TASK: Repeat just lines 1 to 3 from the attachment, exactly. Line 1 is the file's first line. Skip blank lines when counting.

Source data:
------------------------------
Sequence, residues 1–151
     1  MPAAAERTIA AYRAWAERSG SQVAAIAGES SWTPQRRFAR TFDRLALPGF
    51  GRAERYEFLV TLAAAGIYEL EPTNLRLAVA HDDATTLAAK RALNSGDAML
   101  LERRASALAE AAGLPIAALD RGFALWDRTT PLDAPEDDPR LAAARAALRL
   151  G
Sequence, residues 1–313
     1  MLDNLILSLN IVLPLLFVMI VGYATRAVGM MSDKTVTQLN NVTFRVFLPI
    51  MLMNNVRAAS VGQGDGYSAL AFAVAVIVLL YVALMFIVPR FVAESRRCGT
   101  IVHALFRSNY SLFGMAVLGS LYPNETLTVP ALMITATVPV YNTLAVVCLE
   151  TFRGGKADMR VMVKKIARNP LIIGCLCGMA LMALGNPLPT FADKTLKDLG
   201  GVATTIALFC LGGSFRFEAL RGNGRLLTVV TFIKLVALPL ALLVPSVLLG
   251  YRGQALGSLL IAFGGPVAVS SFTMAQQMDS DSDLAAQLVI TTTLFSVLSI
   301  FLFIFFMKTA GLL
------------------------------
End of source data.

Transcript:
Sequence, residues 1–151
     1  MPAAAERTIA AYRAWAERSG SQVAAIAGES SWTPQRRFAR TFDRLALPGF
    51  GRAERYEFLV TLAAAGIYEL EPTNLRLAVA HDDATTLAAK RALNSGDAML